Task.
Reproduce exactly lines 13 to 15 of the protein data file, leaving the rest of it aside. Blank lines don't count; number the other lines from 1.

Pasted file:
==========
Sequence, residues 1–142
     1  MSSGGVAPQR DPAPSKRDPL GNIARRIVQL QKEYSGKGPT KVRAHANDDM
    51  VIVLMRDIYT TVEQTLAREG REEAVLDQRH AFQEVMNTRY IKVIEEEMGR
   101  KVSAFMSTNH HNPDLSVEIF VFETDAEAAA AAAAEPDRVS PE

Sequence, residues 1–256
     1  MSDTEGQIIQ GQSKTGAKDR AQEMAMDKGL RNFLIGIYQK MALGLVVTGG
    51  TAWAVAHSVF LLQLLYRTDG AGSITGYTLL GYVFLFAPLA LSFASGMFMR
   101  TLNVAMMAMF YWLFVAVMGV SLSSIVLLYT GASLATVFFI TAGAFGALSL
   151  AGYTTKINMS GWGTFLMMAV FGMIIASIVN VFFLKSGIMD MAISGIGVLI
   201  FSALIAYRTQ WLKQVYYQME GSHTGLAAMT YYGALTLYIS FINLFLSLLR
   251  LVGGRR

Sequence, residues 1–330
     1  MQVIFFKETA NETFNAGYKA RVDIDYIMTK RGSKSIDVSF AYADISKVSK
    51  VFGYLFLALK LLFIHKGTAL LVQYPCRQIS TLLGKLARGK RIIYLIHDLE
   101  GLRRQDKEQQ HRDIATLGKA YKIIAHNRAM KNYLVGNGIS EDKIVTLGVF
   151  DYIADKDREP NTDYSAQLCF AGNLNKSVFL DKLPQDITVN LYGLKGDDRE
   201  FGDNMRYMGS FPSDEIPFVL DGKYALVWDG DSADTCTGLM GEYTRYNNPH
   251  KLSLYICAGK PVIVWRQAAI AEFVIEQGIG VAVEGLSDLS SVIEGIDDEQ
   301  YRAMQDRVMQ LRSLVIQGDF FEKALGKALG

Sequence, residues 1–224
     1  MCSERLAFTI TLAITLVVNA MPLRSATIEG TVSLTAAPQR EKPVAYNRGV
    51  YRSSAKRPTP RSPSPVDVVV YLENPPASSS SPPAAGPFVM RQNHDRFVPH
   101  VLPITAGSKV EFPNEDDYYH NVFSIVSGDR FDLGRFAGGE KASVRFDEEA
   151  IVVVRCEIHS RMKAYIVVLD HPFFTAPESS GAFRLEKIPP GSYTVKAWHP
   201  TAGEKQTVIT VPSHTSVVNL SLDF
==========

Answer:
     1  MQVIFFKETA NETFNAGYKA RVDIDYIMTK RGSKSIDVSF AYADISKVSK
    51  VFGYLFLALK LLFIHKGTAL LVQYPCRQIS TLLGKLARGK RIIYLIHDLE
   101  GLRRQDKEQQ HRDIATLGKA YKIIAHNRAM KNYLVGNGIS EDKIVTLGVF